National Education Day (India) an annual observance in India to commemorate the birth anniversary of Maulana Abul Kalam Azad, the first education minister of independent India, who served from 15 August 1947 until 2 February 1958. National Education Day of India is celebrated on 11 November every year in India. He also worked for Hindu-Muslim unity through the Al-Hilal newspaper
Fed interest rates (GS3: Indian Economy)
Issue: The Federal Open Market Committee (FOMC), the monetary policy committee of the US Federal Reserve, in its latest meeting that ended on 8 November, decided to keep interest rates unchanged. The federal funds rate will continue to be in the range of 2-2.25%.
Reason for low interest rates in USA
In the aftermath of the financial crisis, which started when Lehman Brothers went bust in September 2008, the US Fed launched an easy money policy. This included pushing the federal funds rate towards 0% and printing and pumping money into the financial system to keep overall interest rates low. The idea was that at lower interest rates people would borrow and spend money, businesses would borrow and expand and growth would be back. This happened, but to a limited extent. Since 2015, FOMC has raised interest rates eight times. It is expected to do so three times in 2019.
Is higher interest rate a problem?
The easy money policy of the US Fed was followed by other Western central banks as well. This led to big financial institutions borrowing money in the Western markets at low interest rates and investing it in financial markets (both stock and debt markets) all over the world. With interest rates in the US rising, this arbitrage has started to unravel. As interest rates rise, financial investors will withdraw the money they invested in stock and debt markets around the world. This will lead to falling markets and rising interest rates.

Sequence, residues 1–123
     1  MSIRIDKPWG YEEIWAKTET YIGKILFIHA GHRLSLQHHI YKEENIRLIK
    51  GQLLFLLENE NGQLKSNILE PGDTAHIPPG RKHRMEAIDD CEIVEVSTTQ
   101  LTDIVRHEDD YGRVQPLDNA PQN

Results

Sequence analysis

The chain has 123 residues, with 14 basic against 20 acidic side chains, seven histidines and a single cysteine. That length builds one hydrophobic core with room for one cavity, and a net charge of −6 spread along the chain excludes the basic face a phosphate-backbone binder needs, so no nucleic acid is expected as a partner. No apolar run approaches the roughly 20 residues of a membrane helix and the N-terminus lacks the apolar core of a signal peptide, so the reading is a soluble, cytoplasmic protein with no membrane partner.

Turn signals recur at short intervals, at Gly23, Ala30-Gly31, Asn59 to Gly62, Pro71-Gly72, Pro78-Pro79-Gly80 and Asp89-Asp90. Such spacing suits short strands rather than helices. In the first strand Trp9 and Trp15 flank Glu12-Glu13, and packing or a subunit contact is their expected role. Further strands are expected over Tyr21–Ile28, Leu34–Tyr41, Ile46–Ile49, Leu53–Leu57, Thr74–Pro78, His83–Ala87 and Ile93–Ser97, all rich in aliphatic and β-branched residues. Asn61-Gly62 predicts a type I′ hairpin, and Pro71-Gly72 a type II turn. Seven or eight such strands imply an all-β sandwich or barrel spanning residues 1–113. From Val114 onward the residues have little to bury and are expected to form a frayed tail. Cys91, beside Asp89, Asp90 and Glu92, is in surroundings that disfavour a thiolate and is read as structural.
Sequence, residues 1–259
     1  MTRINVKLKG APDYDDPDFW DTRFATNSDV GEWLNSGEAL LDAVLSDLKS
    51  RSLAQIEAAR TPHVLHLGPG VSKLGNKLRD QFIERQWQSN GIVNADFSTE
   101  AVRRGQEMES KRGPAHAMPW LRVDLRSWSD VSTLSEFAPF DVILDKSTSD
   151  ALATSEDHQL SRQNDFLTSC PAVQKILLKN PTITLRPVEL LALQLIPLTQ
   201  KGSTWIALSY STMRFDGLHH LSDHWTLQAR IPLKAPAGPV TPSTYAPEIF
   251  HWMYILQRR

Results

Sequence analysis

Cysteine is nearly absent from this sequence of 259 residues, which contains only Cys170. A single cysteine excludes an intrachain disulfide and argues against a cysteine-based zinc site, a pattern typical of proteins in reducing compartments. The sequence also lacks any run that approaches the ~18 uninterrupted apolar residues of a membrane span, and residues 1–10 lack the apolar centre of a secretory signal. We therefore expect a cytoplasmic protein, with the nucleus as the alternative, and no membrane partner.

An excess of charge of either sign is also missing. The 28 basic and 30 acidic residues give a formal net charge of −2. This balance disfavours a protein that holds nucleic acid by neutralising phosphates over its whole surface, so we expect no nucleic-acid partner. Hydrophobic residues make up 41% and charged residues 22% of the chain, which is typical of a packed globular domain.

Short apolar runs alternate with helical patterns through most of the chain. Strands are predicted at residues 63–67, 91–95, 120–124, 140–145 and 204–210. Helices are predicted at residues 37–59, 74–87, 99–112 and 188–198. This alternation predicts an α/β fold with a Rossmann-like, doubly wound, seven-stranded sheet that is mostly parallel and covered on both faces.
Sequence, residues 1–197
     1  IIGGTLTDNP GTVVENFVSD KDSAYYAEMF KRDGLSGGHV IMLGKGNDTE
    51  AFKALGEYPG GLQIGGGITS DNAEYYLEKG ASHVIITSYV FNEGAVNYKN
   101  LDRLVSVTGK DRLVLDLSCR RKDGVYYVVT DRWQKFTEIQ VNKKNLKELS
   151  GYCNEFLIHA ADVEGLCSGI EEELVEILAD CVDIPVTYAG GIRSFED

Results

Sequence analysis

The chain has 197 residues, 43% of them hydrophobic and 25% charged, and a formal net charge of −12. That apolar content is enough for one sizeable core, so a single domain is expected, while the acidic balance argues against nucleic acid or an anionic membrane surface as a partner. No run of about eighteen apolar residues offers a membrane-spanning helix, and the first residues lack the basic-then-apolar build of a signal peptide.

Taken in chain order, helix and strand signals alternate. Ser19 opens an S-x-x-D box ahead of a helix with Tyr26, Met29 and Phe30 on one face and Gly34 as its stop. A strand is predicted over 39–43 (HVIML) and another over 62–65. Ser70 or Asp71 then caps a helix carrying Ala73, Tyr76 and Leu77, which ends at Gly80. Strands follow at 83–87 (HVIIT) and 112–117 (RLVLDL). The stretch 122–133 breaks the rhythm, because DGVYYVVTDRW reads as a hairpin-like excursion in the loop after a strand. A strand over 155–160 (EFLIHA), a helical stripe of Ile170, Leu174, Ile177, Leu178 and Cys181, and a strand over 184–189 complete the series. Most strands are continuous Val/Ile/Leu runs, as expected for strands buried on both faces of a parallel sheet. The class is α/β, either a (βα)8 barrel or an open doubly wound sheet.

How will higher interest rates hurt India?
In 2018-19, FIIs sold stocks worth ₹55,935 crore and debt securities worth ₹52,823 crore, explaining why the stock market has fallen and interest rates are up. When foreign investors sell they get paid in rupees. They need to convert these rupees into dollars. This pushes up the demand for dollars and the rupee loses value against it. India will continue to face this risk over the next few years.
Health start-up fund (GS2: Issues related to Health)
Issue: Venture capital investment in home-grown health-tech startups in 2018 is at an all-time high with continuing investor interest, data from Tracxn Technologies shows.
What the data shows?